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Legal innovation in Canada has gained pace in recent years, with a push for law firms to diversify and enhance the services they deliver to clients and the careers they offer their people, writes Lucy Pearson, RSG Consulting.

These seven legal leaders highlighted in the FT Innovative Lawyers North America report 2018 are driving change within their organisations, redefining the firms’ purpose and strategy in the light of emerging economic and political challenges in the region.

WINNER: Dale Ponder

National co-chair
Osler, Hoskin & Harcourt

Dale Ponder (CNW Group/Osler, Hoskin & Harcourt LLP)

Dale Ponder is a leading corporate and mergers and acquisitions lawyer.

The greatest career change she made, she says, was forgoing an active public M&A practice to become full-time chief executive in 2009. In that capacity, she has pushed for modernisation at the firm, involving the launch of tech initiatives such as Osler Works.

She takes particular pride in the leadership of Osler Women’s Lawyers Network, including overseeing a rise in the proportion of newly admitted female partners.

Marc Barbeau

Chair
Stikeman Elliott

Marc Barbeau, Chair, Stikeman Elliott

Marc Barbeau is recognised for his expertise in mergers and acquisitions, and for using his experience to advise successive Québécois ministers of finance on the overhaul of company law. His advice has led to various changes, including the Quebec 2009 Business Corporations Act.

He has lectured at McGill University’s Faculty of Law in Montreal since 1996 and was appointed adjunct professor in 2013.

Brock Gibson

Chair
Blakes

Brock Gibson, Chair, Blakes

A corporate lawyer with 35 years of experience, Brock Gibson has advised on some of the largest commercial transactions in Canada.

He has shifted the firm’s focus to innovation and overseen the development of initiatives such as inSource, a cost-effective alternative delivery model and Nitro, a suite of legal services supporting emerging technology companies in the seed and growth stages of development.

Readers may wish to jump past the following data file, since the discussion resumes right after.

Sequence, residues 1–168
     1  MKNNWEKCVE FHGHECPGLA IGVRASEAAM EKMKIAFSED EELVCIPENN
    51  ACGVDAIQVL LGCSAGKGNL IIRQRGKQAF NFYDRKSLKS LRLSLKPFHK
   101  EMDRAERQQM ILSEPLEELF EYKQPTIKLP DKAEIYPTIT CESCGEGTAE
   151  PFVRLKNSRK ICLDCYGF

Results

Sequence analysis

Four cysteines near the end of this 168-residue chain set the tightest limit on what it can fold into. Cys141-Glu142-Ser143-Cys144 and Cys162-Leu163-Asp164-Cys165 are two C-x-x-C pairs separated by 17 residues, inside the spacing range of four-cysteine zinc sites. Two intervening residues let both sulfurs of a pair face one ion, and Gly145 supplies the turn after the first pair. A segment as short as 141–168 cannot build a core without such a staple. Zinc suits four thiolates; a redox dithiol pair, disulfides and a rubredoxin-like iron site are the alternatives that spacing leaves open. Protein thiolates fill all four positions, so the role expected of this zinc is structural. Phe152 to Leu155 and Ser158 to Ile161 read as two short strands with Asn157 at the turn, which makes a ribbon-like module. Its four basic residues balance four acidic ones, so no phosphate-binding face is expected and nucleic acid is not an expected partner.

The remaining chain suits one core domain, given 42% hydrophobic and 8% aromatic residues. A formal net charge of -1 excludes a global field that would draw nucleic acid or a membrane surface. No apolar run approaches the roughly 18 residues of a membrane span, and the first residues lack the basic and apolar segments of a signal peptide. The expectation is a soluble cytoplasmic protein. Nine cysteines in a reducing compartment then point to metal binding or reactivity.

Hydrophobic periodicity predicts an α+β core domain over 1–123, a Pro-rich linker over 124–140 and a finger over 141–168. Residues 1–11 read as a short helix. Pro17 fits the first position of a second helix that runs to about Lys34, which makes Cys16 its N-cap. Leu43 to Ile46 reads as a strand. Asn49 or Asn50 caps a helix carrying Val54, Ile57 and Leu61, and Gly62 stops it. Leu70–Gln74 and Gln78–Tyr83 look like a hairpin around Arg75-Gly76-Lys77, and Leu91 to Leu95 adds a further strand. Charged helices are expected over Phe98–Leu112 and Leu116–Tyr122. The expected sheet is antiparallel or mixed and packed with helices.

Dale Lastman

Chair
Goodmans

Dale Lastman, Chair, Goodmans

Dale Lastman has long endeavoured to share his extensive legal knowledge beyond Goodmans.

He is a lecturer in securities law at Osgoode Hall Law School, which recognised him with an alumni award for professional achievement and contribution to the legal community.

He has also been publicly recognised for supporting Canada’s growing sports industry, involvement in health initiatives and support of the LGBTQ community.

Dave Leonard

Chief executive and partner
McCarthy Tétrault

Dave Leonard, Chief Executive Officer & Partner, McCarthy Tétrault

Dave Leonard joined the firm in 1994, holding a variety of leadership positions before becoming chief executive in 2016.

Aware of the encroachment by service providers from other sectors, Mr Leonard is pushing to offer better and cheaper services to clients through greater and more sophisticated use of technology.

He led the acquisition of Wortzmans, now MT>3, an ediscovery and information governance firm, and the opening of a New York office last year.

Shawn McReynolds

Managing partner
Davies Ward Phillips & Vineberg

D. Shawn McReynolds, Managing Partner, Davies Ward Phillips & Vineberg

Shawn McReynolds has spent most of his career as a leading capital markets and mergers and acquisitions lawyer.

He joined the firm’s management committee in 2007, on the eve of a period of change created by the 2008 financial crisis. As managing partner, he has emphasised empowerment and clarity of purpose at all levels of the firm.

Mr McReynolds is also a former securities regulation lecturer at McGill University and Osgoode Hall Law School.

Les Viner

Managing partner
Torys

Les Viner, Managing Partner, Torys

Les Viner joined the firm as a corporate associate in 1987 and has been managing partner for 20 years.

Extensive leadership experience, allied with his varied background — he first practised in accountancy — has helped Mr Viner maintain the firm’s collegiate culture, while also aiming to improve the client experience. An emphasis on communication and consultation in staff development includes the implementation of 360-degree feedback for all partners.

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